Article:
There are certain film types that I’m a bit of a pushover for. Anything set in a snowy and icy location for example (such as Ice Station Zebra or The Thing) with deserts a close runner up (The Mummy or Sahara), or else stories set on trains (Murder on the Orient Express, The Lady Vanishes) submarines (The Hunt for Red October, Ice Station Zebra again) or planes (Airport, Air Force One, Red Eye, Flight Plan). Any film in one of those categories already has me on side by default, and has to be really bad to alienate me.
Non-Stop is certainly not a bad film, but nor is it a particularly good or even memorable one. The basic premise is that while on duty on a flight bound to London, burned-out US Air Marshal Bill Marks (Liam Neeson) receives a series of threatening text messages over a secure network telling him that people will start to die if the authorities don’t pay up $150 million. Marks goes all-out to identify the perpetrator but in doing so only makes himself look increasingly like a demented hijacker in the process, and it turns out that the money isn’t even the objective of those behind the plot after all.
Much though I like the claustrophobic setting of the jetliner, I found that the film struggled to get its pace right. The first 20 minutes has all the appeal of being stuck in an airport departure lounge, and then once the first threatening text message is received there’s an almost instant assumption by all concerned that Marks – whom they knew and trusted up to this point – is the hijacker. That sort of ‘wrongly accused man trying to clear himself and save the day’ plot is both a massive cliché and also serves up a lot of frustration in what is actually more of an Agatha Christie locked room murder mystery or a Sherlock Holmes 1940s B-Movie starring Basil Rathbone, rather than the lost Hitchcock masterpiece the film is frequently trying to persuade us it is.
There’s lot of running around by Marks but everyone else is left broadly in the dark which thwarts the effective build up of tension. Instead we get Marks pretty much botch up every line of investigation and show a staggering inability to manage a crowd without sending them into either revolt or panic by being generally rude and violent toward everyone in sight. In anyone else’s hands the character would just be absurd; but Neeson brings to the role a level of innate dignity and gravitas even when portraying a washed-up alcoholic that he just about manages to bring you along for the journey on his side and sustain the credibility just on the right side of the line even when the plot gets ludicrous.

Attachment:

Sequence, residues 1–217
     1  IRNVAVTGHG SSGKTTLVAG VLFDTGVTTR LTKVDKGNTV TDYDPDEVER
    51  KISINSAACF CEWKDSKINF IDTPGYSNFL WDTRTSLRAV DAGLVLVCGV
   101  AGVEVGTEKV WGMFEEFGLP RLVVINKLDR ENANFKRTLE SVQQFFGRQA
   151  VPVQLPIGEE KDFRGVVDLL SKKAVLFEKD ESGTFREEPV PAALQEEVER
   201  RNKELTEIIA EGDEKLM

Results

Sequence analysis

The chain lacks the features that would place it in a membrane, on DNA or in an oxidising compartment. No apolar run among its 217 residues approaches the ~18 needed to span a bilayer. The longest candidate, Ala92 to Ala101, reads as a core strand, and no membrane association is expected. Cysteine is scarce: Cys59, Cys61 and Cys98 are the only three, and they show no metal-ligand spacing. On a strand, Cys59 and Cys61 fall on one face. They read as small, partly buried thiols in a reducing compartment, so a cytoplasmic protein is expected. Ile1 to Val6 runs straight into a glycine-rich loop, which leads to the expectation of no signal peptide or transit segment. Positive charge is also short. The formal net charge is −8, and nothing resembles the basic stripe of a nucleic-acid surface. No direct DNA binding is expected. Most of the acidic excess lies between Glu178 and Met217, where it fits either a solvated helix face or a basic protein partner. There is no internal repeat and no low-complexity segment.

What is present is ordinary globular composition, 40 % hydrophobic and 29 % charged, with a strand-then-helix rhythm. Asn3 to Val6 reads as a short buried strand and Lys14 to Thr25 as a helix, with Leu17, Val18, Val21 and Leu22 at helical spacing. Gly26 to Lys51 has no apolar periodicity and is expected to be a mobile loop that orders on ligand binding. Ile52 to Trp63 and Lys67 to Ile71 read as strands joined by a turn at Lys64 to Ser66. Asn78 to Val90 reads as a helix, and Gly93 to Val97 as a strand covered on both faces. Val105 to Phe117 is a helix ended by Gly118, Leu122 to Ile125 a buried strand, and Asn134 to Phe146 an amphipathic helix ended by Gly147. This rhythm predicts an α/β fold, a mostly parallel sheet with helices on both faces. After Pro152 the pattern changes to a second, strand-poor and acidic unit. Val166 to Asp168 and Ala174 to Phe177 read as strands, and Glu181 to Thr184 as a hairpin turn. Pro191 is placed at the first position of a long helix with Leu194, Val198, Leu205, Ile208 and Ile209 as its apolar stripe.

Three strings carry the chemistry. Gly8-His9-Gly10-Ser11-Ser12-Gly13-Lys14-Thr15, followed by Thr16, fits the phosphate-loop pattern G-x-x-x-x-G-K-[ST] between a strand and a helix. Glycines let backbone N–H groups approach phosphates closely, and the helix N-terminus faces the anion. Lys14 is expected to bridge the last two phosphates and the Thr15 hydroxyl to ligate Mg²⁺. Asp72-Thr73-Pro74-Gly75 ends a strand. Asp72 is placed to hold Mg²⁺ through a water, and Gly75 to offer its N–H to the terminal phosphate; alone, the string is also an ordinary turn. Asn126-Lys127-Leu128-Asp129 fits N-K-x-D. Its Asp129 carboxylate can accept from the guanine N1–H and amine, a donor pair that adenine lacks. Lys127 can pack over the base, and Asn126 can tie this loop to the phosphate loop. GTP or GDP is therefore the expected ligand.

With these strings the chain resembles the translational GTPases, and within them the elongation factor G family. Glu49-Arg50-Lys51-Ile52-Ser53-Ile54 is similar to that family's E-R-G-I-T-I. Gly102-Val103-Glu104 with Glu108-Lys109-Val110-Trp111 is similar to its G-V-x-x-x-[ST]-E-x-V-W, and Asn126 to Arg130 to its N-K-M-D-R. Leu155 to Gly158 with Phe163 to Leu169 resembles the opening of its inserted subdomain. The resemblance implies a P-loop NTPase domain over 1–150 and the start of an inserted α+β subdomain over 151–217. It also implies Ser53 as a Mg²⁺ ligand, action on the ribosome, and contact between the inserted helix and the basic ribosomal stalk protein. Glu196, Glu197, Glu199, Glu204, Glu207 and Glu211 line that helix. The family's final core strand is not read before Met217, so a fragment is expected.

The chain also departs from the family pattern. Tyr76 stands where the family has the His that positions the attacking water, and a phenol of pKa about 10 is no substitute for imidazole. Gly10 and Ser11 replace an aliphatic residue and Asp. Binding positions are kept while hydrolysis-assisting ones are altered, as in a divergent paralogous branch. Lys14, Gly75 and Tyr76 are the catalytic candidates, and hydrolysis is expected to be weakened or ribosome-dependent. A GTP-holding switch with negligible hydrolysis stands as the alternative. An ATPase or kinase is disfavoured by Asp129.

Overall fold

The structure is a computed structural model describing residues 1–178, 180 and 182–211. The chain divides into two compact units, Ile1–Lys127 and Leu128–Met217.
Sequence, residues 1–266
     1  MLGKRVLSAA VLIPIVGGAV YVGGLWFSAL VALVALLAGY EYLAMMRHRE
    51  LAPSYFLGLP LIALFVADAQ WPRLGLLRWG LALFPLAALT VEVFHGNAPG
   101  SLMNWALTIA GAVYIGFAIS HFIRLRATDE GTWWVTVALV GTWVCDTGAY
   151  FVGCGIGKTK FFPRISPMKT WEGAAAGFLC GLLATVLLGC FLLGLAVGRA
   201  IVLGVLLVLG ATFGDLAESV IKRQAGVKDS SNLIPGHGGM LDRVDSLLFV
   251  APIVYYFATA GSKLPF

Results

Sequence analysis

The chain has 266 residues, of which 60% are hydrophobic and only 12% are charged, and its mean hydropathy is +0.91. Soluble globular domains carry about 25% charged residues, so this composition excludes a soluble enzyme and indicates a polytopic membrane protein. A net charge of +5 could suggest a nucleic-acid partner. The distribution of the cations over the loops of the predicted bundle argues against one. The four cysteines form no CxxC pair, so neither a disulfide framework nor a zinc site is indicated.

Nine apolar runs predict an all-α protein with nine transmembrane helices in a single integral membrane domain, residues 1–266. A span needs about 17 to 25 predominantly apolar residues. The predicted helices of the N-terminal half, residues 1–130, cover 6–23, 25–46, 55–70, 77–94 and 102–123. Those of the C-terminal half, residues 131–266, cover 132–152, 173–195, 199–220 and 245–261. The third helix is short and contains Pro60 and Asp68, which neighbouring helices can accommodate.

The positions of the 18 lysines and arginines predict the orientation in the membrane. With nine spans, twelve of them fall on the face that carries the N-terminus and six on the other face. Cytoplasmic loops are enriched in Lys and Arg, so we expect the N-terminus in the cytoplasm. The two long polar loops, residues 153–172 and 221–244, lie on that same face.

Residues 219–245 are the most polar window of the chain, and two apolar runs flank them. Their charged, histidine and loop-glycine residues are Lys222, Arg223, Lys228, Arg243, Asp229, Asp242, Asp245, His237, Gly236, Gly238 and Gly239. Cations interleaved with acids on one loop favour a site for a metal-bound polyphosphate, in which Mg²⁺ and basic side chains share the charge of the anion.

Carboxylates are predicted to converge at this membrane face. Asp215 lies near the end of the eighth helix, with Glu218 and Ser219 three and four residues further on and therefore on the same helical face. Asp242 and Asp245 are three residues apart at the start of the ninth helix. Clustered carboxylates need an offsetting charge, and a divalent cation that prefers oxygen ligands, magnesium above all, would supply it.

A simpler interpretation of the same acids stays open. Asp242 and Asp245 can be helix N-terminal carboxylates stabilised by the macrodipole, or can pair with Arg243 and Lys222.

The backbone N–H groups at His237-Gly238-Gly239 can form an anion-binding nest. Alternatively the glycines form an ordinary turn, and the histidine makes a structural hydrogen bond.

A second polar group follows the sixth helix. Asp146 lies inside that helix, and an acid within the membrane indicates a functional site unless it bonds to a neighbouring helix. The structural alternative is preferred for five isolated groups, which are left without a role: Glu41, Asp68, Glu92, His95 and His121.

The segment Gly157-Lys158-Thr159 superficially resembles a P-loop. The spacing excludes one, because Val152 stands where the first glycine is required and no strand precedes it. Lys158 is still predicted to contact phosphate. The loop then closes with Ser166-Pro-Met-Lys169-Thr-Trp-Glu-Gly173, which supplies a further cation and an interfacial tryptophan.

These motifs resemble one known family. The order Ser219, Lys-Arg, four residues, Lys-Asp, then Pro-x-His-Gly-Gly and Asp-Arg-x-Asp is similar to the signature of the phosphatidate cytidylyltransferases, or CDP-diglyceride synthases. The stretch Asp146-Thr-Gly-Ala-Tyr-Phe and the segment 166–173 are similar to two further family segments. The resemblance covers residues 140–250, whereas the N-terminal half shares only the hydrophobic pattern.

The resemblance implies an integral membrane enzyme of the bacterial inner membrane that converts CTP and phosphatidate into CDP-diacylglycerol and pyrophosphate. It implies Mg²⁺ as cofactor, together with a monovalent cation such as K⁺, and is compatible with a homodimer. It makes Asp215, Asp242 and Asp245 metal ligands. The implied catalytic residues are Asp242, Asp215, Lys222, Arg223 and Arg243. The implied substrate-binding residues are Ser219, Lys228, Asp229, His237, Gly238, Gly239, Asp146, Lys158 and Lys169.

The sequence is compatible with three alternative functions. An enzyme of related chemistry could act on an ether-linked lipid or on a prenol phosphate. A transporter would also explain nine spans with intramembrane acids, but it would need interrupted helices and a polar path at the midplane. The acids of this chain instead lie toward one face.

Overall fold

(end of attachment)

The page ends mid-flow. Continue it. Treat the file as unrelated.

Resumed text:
As well as Neeson, there’s an uncommonly good cast that includes Julianne Moore, Scoot McNairy, Omar Metwally, Nate Parker and Corey Stoll as fellow passengers, Lupita Nyong’o and Downton Abbey’s Michelle Dockery as flight attendants, with Linus Roache and Jason Butler Harner as the pilots – any one of whom might be the real hijacker and killer. The director is Jaume Collet-Serra, who worked with Neeson on Unknown which had a very similar story approach and visual feel to it; here he adds an eye-catching presentation style to show the menacing text messages that seems partially inspired by BBC’s Sherlock but heightened to good effect and even occasionally a rare display of humour – notice how characters obscure the messages by moving in front of them or how a damaged phone throws up glitchy displays.
It has to be admitted that Non-Stop contains plot holes and script oversights by the barrel full, and of course things accelerate to an all-action final act that defies the rules of both physics and common sense and certainly strains the credibility of the CGI FX. The ultimate solution and reveal will more likely have you rolling your eyes than gripping your chair arms, but equally the climax of film does finally achieve the heightened sense of desperation and thrills that’s been missing from the middle section. That means the film at least ends with a satisfying roller coaster ride that makes up for some of the earlier frustrations and longeurs during the time when Marks is getting showered by red herrings and false leads that go nowhere.
On the whole, then, it’s a perfectly fine and fun one hour and forty minutes, a workmanlike product proficiently executed with some added value and which delivers exactly what you’d expect of it based on the film poster. It doesn’t really surprise and it’s certainly no masterpiece, but these day a film that does exactly what it says on the tin is no bad thing and no mean feat.
Or maybe that’s my predilection for airplane movies kicking in again. I did warn you. If you doubt me, I guess you’ll have to watch Non-Stop yourself to check the objectivity of my conclusions…
Non-Stop is available on DVD and Blu-ray now. There’s a very minimal collection of short EPK featurettes and cast interviews included.